• Introduce a mechanism of certainty, thereby complying with the principle of legal certainty enshrined in article 9.3 of the Spanish Constitution.
  • Further similar treatment for situations of liability in which the issues at stake coincide, through application of the principle of equality enshrined in article 14 of that fundamental text.
  • Serve as a framework and stimulus to the use of compromise agreements, making them the priority procedure for the settlement of claims.
  • Streamline to a maximum degree the payments for claims by insurance undertakings, avoiding delays detrimental to the beneficiaries, on not having to wait for the decision of judicial bodies.
  • Reduce the legal actions in this sector significantly with a consequent decrease in the generalised heavy workload of the Courts.
  • Finally, enable the insurance undertakings to make forecasts based on reliable criteria, with unquestionable transcendence for the solvency of these undertakings and the performance of their functions.

4. The mandatory Scale of 1995 and its shortcomings

Twenty years of practical application of the 1995 mandatory Scale is a long time in which significant structural insufficiencies could hardly fail to have been detected or critical voices could scarcely fail to be heard –some in acid, exaggerated and at times even demeaning terms- against it. To simplify and avoid excessive detail, it was said even from the very start that the Scale was extremely simple –leaving out many situations deserving of compensation- and the amounts included were far too low. Applying 2015 standards, both criticisms are true; however, they need to be looked at from the perspective of time.
It appears now very normal to have a mandatory Scale when we have had it for the last twenty years.  However, we should not lose sight of the fact that it was necessary to overcome much reluctance in order to obtain its approval. To begin, the authorised voices in the eighties and nineties who considered that a mandatory Scale would constitute an intolerable attack against the principle of judicial independence were not few in number. At the same time, many of those who accepted the idea of a mandatory Scale in principle insisted that this novel instrument should be easy to interpret and easy to apply in practice. To sum up, the atmosphere at the time was more favourable towards proposing a simple instrument, without too many ins and outs and with a speedy administrative procedure.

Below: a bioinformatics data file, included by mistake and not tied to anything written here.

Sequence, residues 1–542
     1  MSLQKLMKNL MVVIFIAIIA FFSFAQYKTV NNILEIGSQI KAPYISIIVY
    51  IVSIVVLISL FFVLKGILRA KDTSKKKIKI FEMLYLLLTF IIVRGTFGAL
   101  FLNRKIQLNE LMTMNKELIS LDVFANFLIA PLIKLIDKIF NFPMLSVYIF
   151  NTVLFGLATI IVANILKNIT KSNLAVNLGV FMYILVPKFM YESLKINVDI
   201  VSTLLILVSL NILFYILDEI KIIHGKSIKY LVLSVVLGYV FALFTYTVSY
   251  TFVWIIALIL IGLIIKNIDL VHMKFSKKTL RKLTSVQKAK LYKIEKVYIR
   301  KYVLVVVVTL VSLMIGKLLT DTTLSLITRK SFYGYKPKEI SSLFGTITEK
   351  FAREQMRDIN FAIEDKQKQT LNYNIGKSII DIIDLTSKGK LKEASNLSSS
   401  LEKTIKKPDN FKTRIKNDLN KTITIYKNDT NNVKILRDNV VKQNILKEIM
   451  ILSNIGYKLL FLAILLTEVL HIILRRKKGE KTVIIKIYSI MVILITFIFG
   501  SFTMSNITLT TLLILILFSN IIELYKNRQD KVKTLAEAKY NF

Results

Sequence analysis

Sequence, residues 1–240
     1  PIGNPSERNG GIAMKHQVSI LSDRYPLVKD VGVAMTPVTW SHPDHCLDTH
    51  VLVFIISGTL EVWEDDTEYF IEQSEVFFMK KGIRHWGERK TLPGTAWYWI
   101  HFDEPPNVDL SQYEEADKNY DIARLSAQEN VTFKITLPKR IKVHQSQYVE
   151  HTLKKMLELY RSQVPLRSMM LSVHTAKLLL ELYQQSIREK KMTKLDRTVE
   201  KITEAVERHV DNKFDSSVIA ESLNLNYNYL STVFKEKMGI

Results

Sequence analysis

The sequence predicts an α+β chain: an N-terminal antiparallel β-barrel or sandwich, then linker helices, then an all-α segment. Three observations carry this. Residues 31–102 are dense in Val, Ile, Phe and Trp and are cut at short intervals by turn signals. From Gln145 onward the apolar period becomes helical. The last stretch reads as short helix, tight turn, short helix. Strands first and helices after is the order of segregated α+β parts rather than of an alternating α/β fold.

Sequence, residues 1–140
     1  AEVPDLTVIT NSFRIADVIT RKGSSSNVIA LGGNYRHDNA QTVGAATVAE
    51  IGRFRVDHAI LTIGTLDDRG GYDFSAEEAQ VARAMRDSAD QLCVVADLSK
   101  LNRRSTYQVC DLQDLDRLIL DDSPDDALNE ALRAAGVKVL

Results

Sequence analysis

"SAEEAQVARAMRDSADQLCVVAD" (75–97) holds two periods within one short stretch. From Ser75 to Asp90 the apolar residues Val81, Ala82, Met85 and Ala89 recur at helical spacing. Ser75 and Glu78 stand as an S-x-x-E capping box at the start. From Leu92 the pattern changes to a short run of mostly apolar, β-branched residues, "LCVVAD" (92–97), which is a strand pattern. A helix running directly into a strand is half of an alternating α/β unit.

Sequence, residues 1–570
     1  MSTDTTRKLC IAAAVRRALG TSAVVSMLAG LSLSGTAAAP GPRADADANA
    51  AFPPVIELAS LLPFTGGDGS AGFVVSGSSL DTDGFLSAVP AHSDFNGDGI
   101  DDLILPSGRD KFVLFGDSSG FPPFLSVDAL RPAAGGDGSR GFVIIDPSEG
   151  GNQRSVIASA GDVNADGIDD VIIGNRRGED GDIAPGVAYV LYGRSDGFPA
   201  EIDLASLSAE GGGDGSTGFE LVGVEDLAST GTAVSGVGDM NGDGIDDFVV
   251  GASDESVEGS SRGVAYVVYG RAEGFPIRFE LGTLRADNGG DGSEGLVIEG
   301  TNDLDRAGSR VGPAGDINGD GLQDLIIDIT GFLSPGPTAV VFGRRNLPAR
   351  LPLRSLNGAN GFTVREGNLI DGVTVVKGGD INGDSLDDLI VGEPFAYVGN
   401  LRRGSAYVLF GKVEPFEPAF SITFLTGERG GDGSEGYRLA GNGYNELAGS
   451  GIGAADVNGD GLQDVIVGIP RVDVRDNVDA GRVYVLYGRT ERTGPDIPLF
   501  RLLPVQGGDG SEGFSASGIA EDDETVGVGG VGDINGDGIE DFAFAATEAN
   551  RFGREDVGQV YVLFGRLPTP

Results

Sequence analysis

The lack of experience with earlier Scales, the need for acting quickly in the processing of the proposal and the advisability of putting forward an instrument that could be perceived in the judicial environment as easy to apply in daily practice are circumstances which led to the situation where the 1995 Scale was finally given a structure that was perhaps excessively schematic or simplistic. Had there been a more complex approach with more extended discussion at the time, we would not have had a mandatory Scale in 1995. The greatest obstacle at that time –or at least it was perceived as such- was to try to demonstrate that a Scale of a mandatory nature would not have to be necessarily contrary to the respect for judicial independence, and this is the reason why it was decided to establish sufficiently broad brackets between the maximum and minimum amounts to be paid in respect of some of the losses eligible for compensation. There was even criticism in the sense that the broad scope of some of the compensation brackets would make it difficult to achieve friendly out-of-court settlements and would be an obstacle in practice for giving similar treatment to coincidental situations, as required by the principle of equal treatment enshrined in article 14 of the Spanish Constitution.